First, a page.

The Limpopo Department of Education has awarded a three-year contract for new modular buildings to Kwikspace. The company will manufacture and deliver brand new units, and relocate existing modular units to over 900 schools throughout Limpopo’s Sekhukhune district over the period. The deployment of these units forms part of the Limpopo Province’s three-year expansion project to increase school capacity throughout the province, which comprises five districts.
For the 2019/2020 financial year, 36 double-wide Kwikspace units have been constructed and delivered to 12 schools around the district. An additional 124 new units will be delivered to 35 schools up to March 2020, and 149 existing double-wide classrooms will be relocated to over 50 schools. Reallocation of the mobile classrooms is determined by the Department and based on individual school’s enrolment statistics. This ensures that primary, high, combined, as well as farm schools will equally benefit from the Limpopo Province school expansion project.
The new units are a combination of classrooms, administration office blocks and ablution facilities, with the latter including separate boys’ and girls’ bathrooms and combined male/female ablutions for teachers. The classrooms consist of Kwikspace’s standard double-wide units, which measure 7m X 8m and each can cater for up to 42 children. The admin blocks are double-wide 18 metre-long units and all ablution facilities are single-wide units (3 m wide) that are 9 metres in length.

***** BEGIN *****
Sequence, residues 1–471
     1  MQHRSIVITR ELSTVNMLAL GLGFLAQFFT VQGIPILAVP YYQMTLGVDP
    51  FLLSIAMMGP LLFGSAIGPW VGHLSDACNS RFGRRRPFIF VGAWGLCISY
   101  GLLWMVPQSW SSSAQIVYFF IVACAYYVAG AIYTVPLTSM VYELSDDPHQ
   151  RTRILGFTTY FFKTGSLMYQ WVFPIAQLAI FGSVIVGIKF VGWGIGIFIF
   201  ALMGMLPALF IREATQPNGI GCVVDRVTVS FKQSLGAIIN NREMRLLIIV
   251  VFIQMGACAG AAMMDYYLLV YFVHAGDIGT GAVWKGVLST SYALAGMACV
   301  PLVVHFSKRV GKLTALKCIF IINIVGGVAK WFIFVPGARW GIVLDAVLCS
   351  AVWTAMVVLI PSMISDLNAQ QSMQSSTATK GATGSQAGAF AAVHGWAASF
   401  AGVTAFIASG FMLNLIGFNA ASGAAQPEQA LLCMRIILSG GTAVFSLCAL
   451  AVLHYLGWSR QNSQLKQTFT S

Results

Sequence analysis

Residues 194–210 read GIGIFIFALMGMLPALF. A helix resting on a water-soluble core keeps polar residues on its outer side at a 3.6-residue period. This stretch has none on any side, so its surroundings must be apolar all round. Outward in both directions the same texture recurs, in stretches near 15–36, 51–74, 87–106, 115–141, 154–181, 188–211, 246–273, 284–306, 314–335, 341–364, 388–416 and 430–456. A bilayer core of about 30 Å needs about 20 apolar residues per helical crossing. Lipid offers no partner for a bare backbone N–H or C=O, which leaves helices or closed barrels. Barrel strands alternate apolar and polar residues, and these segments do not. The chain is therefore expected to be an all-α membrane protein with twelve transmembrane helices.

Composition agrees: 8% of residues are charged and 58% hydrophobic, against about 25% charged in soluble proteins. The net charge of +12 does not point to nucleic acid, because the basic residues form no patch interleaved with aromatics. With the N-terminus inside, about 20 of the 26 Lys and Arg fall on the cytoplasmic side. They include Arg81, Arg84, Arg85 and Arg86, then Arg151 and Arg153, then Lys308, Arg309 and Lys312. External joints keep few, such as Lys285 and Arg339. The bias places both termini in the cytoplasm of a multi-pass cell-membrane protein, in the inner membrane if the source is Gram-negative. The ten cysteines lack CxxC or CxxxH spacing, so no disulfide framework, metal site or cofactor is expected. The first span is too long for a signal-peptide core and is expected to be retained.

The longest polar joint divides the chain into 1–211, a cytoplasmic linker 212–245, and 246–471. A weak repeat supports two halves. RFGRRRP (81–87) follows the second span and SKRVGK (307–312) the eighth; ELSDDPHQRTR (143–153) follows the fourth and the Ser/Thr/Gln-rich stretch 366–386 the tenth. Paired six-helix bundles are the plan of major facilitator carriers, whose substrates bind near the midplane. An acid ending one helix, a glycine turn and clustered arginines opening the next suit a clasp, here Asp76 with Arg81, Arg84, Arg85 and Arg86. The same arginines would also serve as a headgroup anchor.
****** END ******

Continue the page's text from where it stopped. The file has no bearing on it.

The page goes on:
“A feather in our cap is the local economic development component of this project,” says Kgakgamatso Phatlane, Kwikspace Government Sector Manager. “We briefly alleviated some economic strain in the local community by providing temporary employment for eight people per site for the first 36 classrooms. These were installed at 12 schools, which translates to 96 community members employed on short-term contracts.”
Phatlane points out that, as a result of the type of work required, the contracted labourers received skills development training in the areas of basic electrical reticulation, fencing and minor civil works.
“We have a specified roll-out plan for the new units and are guided by the Department as far as the when and where of the classroom relocations are concerned,” he concludes. “Wherever we are able to do so, we will employ locally to aid with the labour and simultaneously upskill them within the tasks they are employed to complete.”